These promising results have led to the highly anticipated results of KEYNOTE 024, reported by Reck et al. (12). KEYNOTE 024 was a randomized phase III study that compared pembrolizumab 200 mg every 3 weeks for 2 years versus platinum doublet chemotherapy in 305 treatment-naïve advanced NSCLC patients. Key eligibility criteria included advanced NSCLC, high tumor PD-L1 expression (defined as TPS of ≥50%), and ECOG 0–1. Patients with sensitising EGFR mutations or ALK rearrangement, or untreated brain metastases were excluded. The primary end point was PFS, secondary end points were OS, ORR and safety. The trial was stopped after second interim analysis on the recommendation of the data and safety monitoring committee. An improvement in PFS was seen with pembrolizumab compared with compared to chemotherapy (10.3 vs. 6 months, HR=0.5; 95% CI: 0.37 to 0.68; P<0.001). The benefit was seen in all subgroups. An improved OS with pembrolizumab was also seen (estimated 6months OS 80.2% vs. 72.4%, HR=0.6, P=0.005). The safety profile of pembrolizumab was consistent with that seen in previous studies, and lower than that with chemotherapy (grade 3/4 adverse events 27% vs. 53%). In addition, pembrolizumab was associated with an improvement in quality of life and a longer time to deterioration for cough, dyspnea and chest pain (13). Results from the chemotherapy arm were consistent with previous first line studies, with ORR of 30% and PFS of 6 months.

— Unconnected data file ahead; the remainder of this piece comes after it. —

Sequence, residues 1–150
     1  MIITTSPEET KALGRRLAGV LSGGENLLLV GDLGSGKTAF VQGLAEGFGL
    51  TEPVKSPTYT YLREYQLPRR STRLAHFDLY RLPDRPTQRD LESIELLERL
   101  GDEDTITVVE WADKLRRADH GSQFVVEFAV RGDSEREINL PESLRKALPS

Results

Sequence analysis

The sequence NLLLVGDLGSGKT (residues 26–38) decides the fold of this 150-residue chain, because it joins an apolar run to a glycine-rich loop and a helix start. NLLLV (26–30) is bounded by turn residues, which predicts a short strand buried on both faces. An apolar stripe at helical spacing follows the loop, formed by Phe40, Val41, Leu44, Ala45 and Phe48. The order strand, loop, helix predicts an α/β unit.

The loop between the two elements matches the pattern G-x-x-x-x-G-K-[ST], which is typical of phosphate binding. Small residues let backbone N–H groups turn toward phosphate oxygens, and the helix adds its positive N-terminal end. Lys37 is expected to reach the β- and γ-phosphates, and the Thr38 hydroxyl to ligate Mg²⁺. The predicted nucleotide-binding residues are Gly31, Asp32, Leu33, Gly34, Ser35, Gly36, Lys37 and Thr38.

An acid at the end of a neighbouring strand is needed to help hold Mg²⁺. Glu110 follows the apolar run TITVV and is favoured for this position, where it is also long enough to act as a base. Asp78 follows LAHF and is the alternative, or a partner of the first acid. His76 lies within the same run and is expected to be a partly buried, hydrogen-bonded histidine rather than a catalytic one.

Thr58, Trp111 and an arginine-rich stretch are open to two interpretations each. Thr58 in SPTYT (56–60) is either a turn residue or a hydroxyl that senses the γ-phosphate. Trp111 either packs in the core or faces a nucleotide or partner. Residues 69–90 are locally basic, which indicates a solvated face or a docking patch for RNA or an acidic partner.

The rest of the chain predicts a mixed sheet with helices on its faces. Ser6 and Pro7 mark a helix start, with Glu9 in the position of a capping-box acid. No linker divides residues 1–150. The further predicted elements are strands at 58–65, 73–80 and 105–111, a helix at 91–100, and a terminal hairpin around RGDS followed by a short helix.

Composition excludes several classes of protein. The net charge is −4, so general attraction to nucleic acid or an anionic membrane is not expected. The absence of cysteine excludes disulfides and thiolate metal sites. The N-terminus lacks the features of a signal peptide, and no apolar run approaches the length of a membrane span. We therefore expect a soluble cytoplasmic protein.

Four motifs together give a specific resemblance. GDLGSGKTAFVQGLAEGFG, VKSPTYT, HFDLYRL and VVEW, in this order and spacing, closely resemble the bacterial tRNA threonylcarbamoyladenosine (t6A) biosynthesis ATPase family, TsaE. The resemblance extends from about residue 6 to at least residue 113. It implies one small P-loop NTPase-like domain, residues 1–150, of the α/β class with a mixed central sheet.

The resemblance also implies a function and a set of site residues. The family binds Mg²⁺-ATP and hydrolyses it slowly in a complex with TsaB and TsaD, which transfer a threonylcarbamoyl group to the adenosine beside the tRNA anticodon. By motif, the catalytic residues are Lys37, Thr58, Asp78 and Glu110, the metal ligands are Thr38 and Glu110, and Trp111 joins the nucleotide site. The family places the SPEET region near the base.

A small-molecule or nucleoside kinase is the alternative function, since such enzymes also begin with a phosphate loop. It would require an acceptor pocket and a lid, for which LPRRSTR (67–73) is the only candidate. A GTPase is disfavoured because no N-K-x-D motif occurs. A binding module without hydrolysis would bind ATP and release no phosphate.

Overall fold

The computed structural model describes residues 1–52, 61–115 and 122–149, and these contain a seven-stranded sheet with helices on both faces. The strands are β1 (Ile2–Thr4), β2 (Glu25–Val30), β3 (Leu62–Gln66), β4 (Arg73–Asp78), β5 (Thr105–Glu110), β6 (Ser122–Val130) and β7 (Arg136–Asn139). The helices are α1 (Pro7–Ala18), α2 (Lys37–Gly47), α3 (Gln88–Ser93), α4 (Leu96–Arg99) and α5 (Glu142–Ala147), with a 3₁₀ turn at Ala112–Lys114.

Several findings from this study should be highlighted. Firstly, a high ORR of 44.8%, impressive for single agent therapy and similar to ORR of 58% reported in KEYNOTE 001 in the TPS ≥50% cohort. Secondly, no delay in responses was seen with pembrolizumab with a median time to response of 2.2 months, the same as that for chemotherapy. Another important feature was, despite a high cross over rate (43%) from the chemotherapy arm to pembrolizumab, OS benefit was still maintained. Finally, the optimal dose of pembrolizumab remains unclear. In KEYNOTE 024, pembrolizumab was administered at a fixed dose of 200 mg every 3 weeks whereas in KEYNOTE 010, pembrolizumab was dosed at 2 and 10 mg/kg (8). A pharmacokinetic study (14) reported pembrolizumab 200 mg provided similar exposure distribution as weight-based dosing regimen of 2 mg/kg. Given the high costs of immunotherapy, future studies are required to establish a minimum effective dose of pembrolizumab as these can potentially reduce costs in patients with low body weight.
A similarly designed phase III study of nivolumab in treatment naïve advanced NSCLC (CHECKMATE 026) was presented recently. In this study, 541 patients with tumor PD-L1 expression ≥1% were randomized to nivolumab or a platinum doublet. In patients with tumor PD-L1 ≥5%, the PFS was 4.2 vs. 5.9 months (HR =1.15, P=0.25), OS was 14.4 vs. 13.3 months (HR =1.02) and ORR was 26.1% vs. 33.5%. The reasons for the difference in results between KEYNOTE 024 and CHECKMATE 026 are unclear but may be due to differences in patient selection. In CHECKMATE 026, an unusually high number of patients received palliative radiotherapy prior to starting treatment. The biomarker assays were different with the 28-8 assay not validated prospectively and patients were selected based on a tumor PD-L1 expression cut-off of 1% (Table 1).